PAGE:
Write a letter to a loved one, ask a friend out for coffee, check with your elderly neighbor to see if they need help grocery shopping, weeding their garden, etc.

Get off your phone.

How easy it is to be lonely when you are by yourself, in your house, eating ice cream out of the carton and you’re scrolling through Instagram, Snapchat, Facebook, and see that everyone is hanging out. Perhaps without you. Let’s reality check for a second: what if those people just put up that picture reminiscing about the weekend while they are in their house, by themselves, eating ice cream out of the carton and scrolling through Instagram. You’ve done it and I’ve done it, too. We’re all guilty of making our lives seem cooler than they actually are.

So get off your phone, and put your nose in a book, or an adult coloring book, or something else that will remove you from the world of social media.

Because that’s what it is. Media. And we all know that the media is slant – even your social media.

Get creative.

They say that Emily Dickinson was a recluse, likely one of the loneliest people. Her art was underappreciated at its time. Maybe you’re the next Emily Dickinson. Loneliness is OK. It gives us a chance to explore ourselves, explore nature, and explore our creativity. I find that my best poetry comes when I am a) all alone b) feelin’ some type of way and c) not feeling like I can express myself to anyone else in a way they would understand.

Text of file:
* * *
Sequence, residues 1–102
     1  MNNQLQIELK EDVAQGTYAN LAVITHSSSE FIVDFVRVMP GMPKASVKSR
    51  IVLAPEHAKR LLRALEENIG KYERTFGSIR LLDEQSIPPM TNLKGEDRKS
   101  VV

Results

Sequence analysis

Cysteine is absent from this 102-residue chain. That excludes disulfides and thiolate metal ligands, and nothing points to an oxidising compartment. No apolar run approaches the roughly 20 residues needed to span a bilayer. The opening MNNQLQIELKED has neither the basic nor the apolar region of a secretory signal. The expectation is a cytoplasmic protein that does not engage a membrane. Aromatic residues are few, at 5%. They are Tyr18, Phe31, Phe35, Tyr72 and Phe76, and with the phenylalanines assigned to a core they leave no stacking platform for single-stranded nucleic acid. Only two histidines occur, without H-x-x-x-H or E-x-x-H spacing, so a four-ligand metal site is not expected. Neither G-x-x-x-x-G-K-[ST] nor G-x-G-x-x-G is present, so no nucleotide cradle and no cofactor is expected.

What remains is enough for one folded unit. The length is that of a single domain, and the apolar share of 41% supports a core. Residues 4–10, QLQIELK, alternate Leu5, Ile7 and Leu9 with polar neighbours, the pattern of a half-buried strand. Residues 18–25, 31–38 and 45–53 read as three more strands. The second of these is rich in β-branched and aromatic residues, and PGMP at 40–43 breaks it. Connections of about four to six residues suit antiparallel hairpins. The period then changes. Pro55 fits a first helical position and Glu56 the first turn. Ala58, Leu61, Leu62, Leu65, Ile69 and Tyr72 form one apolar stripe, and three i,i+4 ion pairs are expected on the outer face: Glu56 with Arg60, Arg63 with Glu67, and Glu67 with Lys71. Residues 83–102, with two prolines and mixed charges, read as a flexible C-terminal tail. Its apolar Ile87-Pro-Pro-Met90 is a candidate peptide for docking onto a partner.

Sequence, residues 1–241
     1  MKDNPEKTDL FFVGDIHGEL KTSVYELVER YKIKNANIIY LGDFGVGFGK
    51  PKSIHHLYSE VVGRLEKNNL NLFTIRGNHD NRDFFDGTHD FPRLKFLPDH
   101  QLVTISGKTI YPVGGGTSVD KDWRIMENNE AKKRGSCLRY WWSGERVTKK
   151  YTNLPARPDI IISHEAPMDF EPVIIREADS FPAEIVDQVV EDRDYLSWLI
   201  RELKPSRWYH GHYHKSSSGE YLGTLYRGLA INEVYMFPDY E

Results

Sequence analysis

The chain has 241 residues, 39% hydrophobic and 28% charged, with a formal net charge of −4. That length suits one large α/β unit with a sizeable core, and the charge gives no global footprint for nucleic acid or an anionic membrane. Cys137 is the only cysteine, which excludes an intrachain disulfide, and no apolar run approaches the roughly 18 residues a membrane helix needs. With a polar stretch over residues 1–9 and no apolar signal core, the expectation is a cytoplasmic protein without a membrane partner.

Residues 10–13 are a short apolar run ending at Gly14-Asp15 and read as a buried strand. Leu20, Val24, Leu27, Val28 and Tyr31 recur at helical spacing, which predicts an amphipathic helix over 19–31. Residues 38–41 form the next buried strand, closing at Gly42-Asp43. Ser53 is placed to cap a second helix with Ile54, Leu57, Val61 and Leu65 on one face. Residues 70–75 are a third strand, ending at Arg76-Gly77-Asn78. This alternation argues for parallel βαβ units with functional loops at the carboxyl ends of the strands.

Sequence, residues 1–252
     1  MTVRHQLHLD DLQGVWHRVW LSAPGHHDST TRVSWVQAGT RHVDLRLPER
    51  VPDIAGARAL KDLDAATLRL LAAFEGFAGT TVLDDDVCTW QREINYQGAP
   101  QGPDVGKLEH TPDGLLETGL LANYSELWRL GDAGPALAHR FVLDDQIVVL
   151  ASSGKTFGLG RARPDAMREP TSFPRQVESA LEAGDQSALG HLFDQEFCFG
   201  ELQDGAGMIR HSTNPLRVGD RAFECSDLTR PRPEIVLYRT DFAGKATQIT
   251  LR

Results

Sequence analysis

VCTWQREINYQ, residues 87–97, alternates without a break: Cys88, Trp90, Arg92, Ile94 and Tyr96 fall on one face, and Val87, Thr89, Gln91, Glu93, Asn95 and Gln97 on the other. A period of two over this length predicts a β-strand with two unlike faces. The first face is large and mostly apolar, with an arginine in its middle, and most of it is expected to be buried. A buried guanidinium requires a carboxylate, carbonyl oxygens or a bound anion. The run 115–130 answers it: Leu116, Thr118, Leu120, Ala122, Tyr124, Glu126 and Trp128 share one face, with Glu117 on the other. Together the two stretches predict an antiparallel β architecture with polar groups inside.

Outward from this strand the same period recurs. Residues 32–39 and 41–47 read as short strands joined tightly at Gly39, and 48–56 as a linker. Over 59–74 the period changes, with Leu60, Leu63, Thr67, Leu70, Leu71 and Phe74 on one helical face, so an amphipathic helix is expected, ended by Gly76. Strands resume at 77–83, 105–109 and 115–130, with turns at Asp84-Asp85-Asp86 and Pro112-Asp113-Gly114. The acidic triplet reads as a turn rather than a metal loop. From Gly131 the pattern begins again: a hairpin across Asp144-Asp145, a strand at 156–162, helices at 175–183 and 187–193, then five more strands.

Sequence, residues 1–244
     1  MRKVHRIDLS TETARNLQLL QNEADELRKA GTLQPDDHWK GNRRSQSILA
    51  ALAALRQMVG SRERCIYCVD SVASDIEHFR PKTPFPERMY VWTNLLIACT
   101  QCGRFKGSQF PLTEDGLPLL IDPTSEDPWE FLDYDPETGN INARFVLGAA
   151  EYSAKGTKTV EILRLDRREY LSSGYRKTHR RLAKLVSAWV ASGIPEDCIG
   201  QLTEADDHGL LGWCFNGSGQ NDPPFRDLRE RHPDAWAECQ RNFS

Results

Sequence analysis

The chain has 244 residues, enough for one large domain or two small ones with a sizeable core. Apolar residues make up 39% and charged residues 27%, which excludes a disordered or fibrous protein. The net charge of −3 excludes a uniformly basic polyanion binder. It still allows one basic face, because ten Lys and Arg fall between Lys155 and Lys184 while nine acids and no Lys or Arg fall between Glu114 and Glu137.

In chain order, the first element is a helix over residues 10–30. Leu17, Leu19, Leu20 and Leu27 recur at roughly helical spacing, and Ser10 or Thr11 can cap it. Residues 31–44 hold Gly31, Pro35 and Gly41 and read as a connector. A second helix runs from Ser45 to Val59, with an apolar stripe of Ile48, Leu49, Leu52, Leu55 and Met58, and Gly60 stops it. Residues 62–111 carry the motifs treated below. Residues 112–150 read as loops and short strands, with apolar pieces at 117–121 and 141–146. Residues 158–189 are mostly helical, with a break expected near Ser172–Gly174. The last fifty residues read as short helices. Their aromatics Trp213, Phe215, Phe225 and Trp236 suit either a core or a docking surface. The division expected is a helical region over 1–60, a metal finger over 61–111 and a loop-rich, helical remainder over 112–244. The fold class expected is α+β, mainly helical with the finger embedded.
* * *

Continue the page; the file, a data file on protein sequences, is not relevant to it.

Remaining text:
When you are feeling lonely, grab your pen, grab your paper, and write. Even if you’re not great at writing! Draw – even if you don’t think you can draw! Dance – even if that means you have to Youtube some dance instructional videos!

Know you’re not alone.

The thing about loneliness is that it isolates our experiences. We are feeling lonely, therefore we are alone and no one else in the world ever feels lonely. Except that everyone experiences loneliness. Even Chrissy Tiegen. Accepting that loneliness is a reality in life allows us to take it in stride with the good times, too. Because after all, if we didn’t have the lonely days, we wouldn’t appreciate the full of friendship days as much either.

Have you experienced loneliness?
What is something you do to occupy yourself when you feel lonely?

PS – sometimes if I’m feeling lonely, I like to treat myself. So treat yo’self with an entry to win this opal gemstone lariat!

24 Notes of Encouragement

a Rafflecopter giveaway